Corryn Wetzel is a writer.
The variegated snailfish is able to avoid freezing to death in icy waters by producing high levels of anti-freeze.
The American Museum of Natural History in New York has an expedition off the coast of eastern Greenland.
It feels like you are on another planet when you scuba dive in the cold. When they spotted the fish, it was hidden in a piece of an ice cube. The fish had to be doing something special to be able to live on the ice.Exploring the deep sea Helen Scales at New Scientist Live this October
The ability of the snailfish to bioluminesce shades of red and green caught the attention of the two men. When they looked at the fish's genetic material, they found that the species was hiding a trick.
The blood of the animal is more like a slushie than it is a frozen solid.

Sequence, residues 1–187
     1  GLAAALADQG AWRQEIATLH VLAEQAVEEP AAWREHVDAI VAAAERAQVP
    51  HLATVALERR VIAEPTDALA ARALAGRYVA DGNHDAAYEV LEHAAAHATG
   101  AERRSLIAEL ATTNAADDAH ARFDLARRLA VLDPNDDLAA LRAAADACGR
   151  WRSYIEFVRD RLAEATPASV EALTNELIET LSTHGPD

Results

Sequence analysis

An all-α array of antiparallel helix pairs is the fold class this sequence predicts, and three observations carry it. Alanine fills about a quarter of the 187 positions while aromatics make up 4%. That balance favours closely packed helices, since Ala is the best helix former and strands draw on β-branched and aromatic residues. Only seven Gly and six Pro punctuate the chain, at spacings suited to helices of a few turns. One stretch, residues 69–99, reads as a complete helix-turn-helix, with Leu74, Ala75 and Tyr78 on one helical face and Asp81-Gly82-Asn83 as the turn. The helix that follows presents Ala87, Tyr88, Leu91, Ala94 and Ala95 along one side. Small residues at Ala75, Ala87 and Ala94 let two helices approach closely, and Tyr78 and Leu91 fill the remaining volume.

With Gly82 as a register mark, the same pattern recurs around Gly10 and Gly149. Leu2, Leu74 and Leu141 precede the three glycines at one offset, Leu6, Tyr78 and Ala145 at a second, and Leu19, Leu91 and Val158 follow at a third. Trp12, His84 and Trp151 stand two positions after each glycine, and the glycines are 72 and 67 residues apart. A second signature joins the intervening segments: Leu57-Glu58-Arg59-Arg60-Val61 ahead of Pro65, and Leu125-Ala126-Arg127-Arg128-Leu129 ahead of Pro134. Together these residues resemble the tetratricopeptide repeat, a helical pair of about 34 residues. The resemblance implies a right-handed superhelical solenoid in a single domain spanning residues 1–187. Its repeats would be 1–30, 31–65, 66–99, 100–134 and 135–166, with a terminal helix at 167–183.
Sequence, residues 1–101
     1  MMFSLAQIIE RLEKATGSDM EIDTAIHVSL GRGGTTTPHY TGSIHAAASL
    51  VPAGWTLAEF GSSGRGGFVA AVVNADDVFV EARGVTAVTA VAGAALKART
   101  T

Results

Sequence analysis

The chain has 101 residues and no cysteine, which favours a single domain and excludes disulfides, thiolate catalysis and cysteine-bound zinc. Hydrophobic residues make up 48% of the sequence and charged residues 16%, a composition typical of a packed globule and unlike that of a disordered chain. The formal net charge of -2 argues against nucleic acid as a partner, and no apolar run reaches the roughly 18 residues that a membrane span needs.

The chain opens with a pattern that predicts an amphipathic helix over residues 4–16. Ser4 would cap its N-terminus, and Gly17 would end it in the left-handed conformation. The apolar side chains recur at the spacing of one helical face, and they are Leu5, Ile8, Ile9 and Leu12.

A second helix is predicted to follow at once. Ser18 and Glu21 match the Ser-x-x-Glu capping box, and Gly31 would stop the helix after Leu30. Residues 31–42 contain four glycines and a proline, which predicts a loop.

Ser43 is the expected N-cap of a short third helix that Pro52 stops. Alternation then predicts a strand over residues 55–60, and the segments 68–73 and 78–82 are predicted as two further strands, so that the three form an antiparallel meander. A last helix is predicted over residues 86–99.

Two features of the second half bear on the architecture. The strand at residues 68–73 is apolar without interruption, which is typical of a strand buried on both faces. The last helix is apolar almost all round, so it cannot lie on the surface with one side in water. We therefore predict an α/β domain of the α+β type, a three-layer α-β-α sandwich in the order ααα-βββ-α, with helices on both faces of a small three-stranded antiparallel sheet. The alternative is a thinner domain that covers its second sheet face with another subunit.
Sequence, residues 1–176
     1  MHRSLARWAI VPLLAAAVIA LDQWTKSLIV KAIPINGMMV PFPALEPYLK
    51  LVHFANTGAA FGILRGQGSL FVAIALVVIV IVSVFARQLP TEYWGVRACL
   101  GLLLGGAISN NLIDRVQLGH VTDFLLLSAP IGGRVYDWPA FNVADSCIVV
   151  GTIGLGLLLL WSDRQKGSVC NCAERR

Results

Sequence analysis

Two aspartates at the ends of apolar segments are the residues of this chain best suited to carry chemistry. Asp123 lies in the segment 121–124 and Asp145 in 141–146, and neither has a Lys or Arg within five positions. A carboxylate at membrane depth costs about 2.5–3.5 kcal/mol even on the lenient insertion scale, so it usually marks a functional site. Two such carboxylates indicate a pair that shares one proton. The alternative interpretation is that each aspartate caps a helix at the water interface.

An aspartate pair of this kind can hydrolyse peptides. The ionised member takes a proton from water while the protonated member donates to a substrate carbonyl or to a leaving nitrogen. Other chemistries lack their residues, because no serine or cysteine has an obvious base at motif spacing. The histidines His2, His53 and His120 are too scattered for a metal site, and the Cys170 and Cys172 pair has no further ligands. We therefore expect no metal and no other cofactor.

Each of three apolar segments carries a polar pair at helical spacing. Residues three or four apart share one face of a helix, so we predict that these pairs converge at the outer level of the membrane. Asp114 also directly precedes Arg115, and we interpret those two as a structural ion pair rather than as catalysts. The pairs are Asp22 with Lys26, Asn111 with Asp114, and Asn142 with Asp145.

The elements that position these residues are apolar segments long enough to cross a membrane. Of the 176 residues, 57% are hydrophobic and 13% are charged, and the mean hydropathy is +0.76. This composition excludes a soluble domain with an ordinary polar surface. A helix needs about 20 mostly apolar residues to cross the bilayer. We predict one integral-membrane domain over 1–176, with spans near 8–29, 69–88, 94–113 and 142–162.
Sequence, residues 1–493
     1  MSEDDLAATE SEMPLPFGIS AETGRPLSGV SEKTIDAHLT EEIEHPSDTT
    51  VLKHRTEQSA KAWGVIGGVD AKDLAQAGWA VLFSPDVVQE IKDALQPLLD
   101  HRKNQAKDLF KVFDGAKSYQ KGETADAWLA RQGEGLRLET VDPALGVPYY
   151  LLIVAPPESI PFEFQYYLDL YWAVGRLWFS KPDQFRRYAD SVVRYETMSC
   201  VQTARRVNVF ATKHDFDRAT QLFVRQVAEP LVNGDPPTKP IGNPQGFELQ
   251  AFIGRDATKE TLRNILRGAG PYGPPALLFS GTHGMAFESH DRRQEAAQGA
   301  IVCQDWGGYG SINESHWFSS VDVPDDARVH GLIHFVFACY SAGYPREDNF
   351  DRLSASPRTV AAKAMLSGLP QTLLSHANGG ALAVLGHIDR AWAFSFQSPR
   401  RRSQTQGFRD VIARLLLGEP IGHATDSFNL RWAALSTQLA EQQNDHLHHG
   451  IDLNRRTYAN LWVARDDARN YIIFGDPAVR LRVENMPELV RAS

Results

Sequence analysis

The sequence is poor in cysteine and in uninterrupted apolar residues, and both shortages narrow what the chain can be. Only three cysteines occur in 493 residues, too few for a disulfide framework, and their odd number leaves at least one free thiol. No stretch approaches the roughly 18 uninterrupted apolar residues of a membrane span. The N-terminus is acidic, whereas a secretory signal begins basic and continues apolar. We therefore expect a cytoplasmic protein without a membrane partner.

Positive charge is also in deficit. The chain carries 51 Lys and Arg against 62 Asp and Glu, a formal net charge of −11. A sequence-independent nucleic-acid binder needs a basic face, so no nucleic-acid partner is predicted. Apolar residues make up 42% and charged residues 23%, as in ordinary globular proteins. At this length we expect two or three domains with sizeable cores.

Some animals can survive partial freezing, but fish and mammals can not. The variegated snailfish has the highest expression of genes ever reported for a cold-water fish.
The team looked at the fish's genetic material and the animal's transcriptome to see what it was making.
According to Chi-Hing Christina Cheng, who was not involved in the work, she would like to see the team assess the levels of antifreeze in the fish's blood. It is not known how the snailfish's genes translate to its antifreeze ability.
The cold-water-loving species could be pushed out of their habitat if climate change leads to increased temperatures near the poles.
The melting landscape feels like a freezer that had been left open overnight, according to Gruber. It made us wonder what will happen to the fish when there aren't any. Its strength is not a strength anymore.
Evolutionary Bioinformatics was published in the journal.
Get a dose of climate optimism delivered straight to your inbox when you sign up for Fix the Planet.
There are more on this topic.